Why It Happened

Here is a great thread on why Trump lost.

While fraud definitely happened, it’s also undeniable that there were major issues in the campaign that were a result of even greater issues in policy.

Of course, the next administration is going to be so inferior to Trump’s that this whole conversation sounds quite bizarre. But I am fascinated to see so many politicians destroy themselves with this ridiculous, useless identity pandering. Bernie Sanders dismantled his promising campaign in the exact same way. Instead of serious economic measures, he slipped into clumsy identity talk.

They all do it. And it never works. I understand why Kamala does it. She’s got nothing else. She has no ideas and no platform, so she creates hatred between identity groups to distract people from her complete uselessness. But why do people with great ideas and a real following do it? The only result is that slick Kamalas beat them at this game.

7 thoughts on “Why It Happened”

  1. Because any politician with a single message for all people cannot withstand targeted attack by opponents who single out specific voter groups with mass persuasion techniques.

    What happens is that on day 1 a politician stands up with a single set of policies that are broadly appealing or grudgingly accepted by most people.

    This is followed on day 2 by the opposition either accepting defeat, or analysing the electorate so as to single out groups of people who have something in common who may be persuaded by a pitch made directly to them, in a way that the other groups do not really notice, that makes the opponent more appealing to that particular group of people than the broadly appealing politician who had a single message.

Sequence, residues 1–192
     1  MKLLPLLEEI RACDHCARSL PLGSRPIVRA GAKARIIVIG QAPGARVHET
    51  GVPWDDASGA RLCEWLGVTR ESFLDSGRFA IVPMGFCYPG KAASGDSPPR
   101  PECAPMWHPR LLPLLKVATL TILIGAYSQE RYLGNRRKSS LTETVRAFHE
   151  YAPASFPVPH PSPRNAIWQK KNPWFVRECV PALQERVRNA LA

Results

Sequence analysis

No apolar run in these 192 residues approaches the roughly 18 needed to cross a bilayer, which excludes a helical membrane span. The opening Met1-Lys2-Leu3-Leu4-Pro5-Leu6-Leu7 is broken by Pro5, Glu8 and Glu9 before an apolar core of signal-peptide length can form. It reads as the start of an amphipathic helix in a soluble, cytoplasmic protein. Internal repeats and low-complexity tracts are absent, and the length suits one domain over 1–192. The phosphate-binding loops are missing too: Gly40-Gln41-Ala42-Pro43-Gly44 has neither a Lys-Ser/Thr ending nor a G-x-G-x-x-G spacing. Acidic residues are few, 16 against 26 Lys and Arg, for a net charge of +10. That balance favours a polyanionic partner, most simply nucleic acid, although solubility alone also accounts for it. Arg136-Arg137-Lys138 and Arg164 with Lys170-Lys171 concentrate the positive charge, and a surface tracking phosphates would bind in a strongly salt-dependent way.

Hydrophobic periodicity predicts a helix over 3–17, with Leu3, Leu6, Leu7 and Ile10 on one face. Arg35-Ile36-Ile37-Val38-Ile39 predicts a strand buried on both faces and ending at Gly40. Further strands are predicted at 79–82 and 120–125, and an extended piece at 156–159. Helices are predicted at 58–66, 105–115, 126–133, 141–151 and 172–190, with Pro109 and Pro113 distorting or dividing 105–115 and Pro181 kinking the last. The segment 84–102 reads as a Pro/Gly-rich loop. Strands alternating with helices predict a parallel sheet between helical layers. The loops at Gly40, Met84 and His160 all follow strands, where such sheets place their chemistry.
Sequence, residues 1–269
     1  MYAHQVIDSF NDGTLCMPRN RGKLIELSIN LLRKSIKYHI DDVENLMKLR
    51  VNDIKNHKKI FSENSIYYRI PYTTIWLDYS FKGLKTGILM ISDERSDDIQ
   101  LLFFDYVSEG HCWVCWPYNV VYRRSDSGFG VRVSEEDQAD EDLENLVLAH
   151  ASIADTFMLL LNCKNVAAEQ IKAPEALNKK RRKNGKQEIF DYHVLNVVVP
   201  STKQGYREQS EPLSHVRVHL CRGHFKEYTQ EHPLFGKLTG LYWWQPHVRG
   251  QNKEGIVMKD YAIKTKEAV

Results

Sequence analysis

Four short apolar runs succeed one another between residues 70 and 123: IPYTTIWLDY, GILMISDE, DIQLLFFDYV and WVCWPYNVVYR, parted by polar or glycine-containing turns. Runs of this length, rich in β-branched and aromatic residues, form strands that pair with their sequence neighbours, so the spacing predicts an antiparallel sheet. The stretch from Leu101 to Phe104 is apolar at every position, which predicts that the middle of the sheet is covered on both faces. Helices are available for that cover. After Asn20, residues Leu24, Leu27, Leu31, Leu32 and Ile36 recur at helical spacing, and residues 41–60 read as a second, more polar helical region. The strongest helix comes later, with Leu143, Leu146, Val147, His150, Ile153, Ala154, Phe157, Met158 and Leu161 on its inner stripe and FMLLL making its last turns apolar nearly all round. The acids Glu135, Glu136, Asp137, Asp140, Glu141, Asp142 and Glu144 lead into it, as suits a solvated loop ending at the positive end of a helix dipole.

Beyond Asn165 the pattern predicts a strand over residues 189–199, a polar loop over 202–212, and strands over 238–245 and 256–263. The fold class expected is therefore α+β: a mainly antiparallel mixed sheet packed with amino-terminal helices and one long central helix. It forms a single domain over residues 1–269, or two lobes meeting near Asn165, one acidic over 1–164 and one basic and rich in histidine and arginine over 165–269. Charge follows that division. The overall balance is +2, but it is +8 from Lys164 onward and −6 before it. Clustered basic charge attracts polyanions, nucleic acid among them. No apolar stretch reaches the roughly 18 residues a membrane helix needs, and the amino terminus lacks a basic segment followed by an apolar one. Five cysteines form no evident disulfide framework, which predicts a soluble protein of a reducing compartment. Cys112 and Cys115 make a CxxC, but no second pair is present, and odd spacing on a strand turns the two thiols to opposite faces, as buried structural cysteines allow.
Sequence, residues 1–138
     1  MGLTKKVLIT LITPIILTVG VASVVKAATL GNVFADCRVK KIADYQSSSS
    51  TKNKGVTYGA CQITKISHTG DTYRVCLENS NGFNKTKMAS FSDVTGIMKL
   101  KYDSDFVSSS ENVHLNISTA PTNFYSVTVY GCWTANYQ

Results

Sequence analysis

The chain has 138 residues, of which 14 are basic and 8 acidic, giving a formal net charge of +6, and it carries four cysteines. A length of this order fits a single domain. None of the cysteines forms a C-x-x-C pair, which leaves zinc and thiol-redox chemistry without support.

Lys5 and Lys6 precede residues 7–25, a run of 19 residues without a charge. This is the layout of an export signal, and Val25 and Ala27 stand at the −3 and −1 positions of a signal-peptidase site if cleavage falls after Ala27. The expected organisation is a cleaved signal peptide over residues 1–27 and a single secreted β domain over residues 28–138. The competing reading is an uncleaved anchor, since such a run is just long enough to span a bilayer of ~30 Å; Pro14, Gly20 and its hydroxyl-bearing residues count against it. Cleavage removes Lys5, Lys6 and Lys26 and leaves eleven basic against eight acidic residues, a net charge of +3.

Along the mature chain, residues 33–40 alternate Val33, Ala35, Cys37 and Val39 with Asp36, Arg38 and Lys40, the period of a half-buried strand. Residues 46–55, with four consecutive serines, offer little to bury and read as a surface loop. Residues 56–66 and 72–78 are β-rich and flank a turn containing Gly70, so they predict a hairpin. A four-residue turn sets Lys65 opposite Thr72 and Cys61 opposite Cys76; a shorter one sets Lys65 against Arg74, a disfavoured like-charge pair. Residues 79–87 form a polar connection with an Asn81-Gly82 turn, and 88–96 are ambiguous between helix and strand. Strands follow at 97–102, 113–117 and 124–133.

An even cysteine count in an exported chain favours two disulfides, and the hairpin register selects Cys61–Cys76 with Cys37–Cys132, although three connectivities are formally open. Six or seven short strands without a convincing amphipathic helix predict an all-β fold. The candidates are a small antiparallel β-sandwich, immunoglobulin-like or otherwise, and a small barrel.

As a consequence on day 3 the original politician can either accept defeat or analyse the electorate themselves in the same way that the other politician did, with the same goal.

    Since human beings may be persuaded almost as if they were a computer being hacked, any politician with a single message must always lose to any politician who can target voter groups separately using mass persuasion, and so in the end must use the same tactics.

    In other words, it’s a political race to the bottom.


  2. All of this wet dreaming is leading into nowhere. Trump has lost the popular and the electoral vote, and there aren’t enough contested votes to reverse that reality. I voted for Trump and wish that this story had a different ending, but the curtain is coming down on a screen that is rapidly fading to black.

    So it’s time to accept the Democratic Biden/Harris victory, and put on your mask — or don’t, if you think the pandemic is a fantasy — and get on with your life.


    1. Respectfully, how do you know that Trump lost either the popular or electoral (college) vote, and/or know that there aren’t enough contested votes to reverse the (affective) reality?


      1. We would know what really happened if instead of chasing the fantasy of winning California, Minnesota and New Mexico, the campaign had sent lawyers armed with voter rolls and ready to file injunctions on the spot to the precincts they knew would be complicated.


    2. Very well stated Dreidel. Sometimes you win, sometimes you lose. Wish people would just accept that and move on with their lives.


      1. What lives? We are being promised another lockdown by the bastards you elected. What lives? You voted to take our lives away from us. So please, a little humility is in order.


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